By Finau Fonua, RNZ Pacific journalist
Several Pasifika were among dozens of New Zealanders to receive the Order of Merit this week.
Recipients comprised leading figures across various industries from social work to entertainment.
TV show producer, writer, and director Lisa Taouma received the insignia of a member of the NZ Order of Merit at a ceremony in Auckland.
Taouma said the award represented the efforts of many people.
“I’m really honoured that people from my community nominated me for this,” Taouma said.
“As Pacific people, we work collectively. This award has my name on it, but it’s an award that should be really for my whole amazing team of Pacific creatives.
“In my aiga of creative people who have put me here really, this is very much theirs’ as mine.”
The Order of Merit was an honorific established in 1902 by Edward VII, and has garnered controversy as it was awarded to many British officers and statesmen involved with the colonial oppression of the British Empire.
But Taouma said the investure of so many Pasifika and Māori indicated a positive change.
Since the end of the British Empire, the honorific system has seen a revision — shifting from recognition of control to recognition of change.
“I was a bit conflicted in taking the award from the Empire and the King, because many Pacific people were victims of colonisation,” said Taouma.
“But I think that different people being involved in these investures is important because it shows how things are changing.”
Another Pasifika recipient, Ma’a Brian Sagala, said his recognition was the result of generations of duty towards helping one’s community and whanau (family).
“The reason I do what I do is to follow in the footsteps of my dad and mum, it’s something that has been modelled to me by all those who gave gone before me,” said Ma’a who works as a radio presenter and producer for the Pacific Media Network.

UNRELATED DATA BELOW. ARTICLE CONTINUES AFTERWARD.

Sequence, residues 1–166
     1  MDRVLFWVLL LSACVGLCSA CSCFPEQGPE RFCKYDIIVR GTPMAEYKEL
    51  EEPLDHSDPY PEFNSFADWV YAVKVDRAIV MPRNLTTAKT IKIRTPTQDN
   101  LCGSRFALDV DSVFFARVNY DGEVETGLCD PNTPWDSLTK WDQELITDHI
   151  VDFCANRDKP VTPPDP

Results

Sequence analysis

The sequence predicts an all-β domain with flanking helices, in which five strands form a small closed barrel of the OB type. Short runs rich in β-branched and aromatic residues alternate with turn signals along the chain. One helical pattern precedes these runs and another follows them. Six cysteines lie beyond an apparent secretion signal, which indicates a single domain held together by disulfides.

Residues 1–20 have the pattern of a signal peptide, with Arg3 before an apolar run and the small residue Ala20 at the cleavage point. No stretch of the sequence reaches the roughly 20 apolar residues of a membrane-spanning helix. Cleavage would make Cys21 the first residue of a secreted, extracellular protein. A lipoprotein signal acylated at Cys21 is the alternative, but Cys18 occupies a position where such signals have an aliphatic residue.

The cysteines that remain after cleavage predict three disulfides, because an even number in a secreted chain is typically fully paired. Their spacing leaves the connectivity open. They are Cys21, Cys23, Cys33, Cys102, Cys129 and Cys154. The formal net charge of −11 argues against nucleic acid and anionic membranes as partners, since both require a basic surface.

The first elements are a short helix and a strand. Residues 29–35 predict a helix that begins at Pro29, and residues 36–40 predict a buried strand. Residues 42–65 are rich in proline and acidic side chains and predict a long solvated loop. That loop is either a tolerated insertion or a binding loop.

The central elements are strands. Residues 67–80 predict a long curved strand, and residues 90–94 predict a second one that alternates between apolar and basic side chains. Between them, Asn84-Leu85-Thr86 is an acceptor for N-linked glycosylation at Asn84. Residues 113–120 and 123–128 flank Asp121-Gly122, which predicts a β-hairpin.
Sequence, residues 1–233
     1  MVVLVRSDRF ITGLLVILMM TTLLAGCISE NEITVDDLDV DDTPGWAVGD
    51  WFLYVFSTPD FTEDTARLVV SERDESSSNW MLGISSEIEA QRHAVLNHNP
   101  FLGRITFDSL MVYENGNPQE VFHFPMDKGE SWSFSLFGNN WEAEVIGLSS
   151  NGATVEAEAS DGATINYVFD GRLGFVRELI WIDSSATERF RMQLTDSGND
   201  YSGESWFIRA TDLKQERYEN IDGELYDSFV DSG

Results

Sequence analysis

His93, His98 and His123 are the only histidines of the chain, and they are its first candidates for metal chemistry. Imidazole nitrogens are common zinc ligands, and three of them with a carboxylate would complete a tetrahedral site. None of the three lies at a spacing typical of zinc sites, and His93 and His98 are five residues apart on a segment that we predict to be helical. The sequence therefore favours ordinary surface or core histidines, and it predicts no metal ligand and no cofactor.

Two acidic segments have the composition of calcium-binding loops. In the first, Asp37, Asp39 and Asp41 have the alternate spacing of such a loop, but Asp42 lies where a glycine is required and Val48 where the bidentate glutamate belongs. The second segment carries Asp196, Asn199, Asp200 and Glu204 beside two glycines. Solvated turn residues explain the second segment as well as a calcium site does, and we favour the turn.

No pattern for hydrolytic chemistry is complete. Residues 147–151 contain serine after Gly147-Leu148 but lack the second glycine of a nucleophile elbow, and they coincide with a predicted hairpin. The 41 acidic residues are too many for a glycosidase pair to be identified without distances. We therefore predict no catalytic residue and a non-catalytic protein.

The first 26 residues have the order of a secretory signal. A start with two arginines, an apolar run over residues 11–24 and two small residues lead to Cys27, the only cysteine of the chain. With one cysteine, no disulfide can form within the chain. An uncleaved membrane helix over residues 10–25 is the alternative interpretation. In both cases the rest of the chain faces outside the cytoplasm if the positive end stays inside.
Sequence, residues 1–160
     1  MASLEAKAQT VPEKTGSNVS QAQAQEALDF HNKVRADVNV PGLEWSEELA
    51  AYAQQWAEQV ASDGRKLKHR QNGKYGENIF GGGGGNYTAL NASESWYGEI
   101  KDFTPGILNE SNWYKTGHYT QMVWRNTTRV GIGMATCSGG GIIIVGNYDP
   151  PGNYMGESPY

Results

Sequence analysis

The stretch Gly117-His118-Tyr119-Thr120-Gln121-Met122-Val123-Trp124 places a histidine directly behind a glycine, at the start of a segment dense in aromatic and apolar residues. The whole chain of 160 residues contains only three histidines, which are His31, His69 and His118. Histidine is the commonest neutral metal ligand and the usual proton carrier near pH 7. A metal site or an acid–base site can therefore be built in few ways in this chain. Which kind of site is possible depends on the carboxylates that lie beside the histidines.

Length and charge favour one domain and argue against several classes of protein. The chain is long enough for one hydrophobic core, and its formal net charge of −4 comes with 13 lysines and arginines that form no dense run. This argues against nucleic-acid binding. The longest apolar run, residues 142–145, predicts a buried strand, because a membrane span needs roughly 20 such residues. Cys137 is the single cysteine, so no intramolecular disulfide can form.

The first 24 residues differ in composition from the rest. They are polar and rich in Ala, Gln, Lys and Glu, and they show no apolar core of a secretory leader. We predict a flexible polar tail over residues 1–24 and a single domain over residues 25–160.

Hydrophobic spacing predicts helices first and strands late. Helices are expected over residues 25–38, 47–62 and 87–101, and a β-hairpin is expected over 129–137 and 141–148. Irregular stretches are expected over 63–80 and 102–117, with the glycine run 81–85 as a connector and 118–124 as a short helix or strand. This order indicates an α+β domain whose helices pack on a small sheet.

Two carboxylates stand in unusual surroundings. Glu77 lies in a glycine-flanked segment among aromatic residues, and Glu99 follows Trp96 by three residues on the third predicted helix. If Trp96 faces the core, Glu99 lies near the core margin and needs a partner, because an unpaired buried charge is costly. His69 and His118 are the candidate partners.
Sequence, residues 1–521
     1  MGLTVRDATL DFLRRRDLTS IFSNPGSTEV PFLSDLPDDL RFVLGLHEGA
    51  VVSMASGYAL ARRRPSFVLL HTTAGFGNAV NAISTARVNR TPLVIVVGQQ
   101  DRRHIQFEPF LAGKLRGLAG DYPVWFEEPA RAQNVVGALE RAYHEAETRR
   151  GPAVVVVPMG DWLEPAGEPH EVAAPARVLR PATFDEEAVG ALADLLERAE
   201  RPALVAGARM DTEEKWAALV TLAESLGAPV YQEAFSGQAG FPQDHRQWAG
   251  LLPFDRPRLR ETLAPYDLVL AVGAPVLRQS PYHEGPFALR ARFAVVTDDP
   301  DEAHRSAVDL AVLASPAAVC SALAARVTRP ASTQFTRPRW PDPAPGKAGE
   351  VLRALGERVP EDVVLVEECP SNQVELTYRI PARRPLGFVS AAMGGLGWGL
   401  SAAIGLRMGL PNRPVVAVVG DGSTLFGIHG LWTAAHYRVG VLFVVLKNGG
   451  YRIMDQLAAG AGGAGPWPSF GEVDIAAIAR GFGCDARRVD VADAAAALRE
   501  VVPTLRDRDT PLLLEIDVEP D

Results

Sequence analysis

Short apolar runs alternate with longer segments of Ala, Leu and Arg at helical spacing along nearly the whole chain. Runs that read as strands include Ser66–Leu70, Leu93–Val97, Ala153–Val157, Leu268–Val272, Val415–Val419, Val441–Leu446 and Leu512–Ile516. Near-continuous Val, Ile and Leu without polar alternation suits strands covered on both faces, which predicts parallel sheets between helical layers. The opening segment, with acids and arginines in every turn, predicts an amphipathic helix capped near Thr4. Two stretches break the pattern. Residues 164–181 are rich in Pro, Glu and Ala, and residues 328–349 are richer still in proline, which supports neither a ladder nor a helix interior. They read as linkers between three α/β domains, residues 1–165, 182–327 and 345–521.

‘Hard to put into words’
“It’s actually hard to put it into words, but I’m very humbled by the recognition, and I’m just so very thankful. I love serving the Pasifika community, it’s the greatest honour and privilege.
“This medal shows the impact that Pasifika are having on New Zealand society.”
Many Māori have also been invested, such as George Flavell, kaumatua of Ngati Te Ata. The 77-year-old spent much of his life discovering and protecting traditional Māori sites such as pa fortresses.
His push for the protection of the sites resulted in land being reclaimed as part of the Waitangi Tribunal.
“It’s 30 years of hard work,” said Flavell.
“We worked hard to save our waahi tapu (sacred sites) and pa (traditional fortresses)…all of our land was confiscated, so it was about picking up what we could with the goodwill of the community.”
Flavell said changes in school curriculums to teach Māori history and language showed how far New Zealand society had come.
“Things were taught differently back then because there was no understanding of the past, but then all these claims came out and things began to change, people began to understand.
“We were at the bottom of the list of council policies (preserving sites), but now we’re on top.”
Article by AsiaPacificReport.nz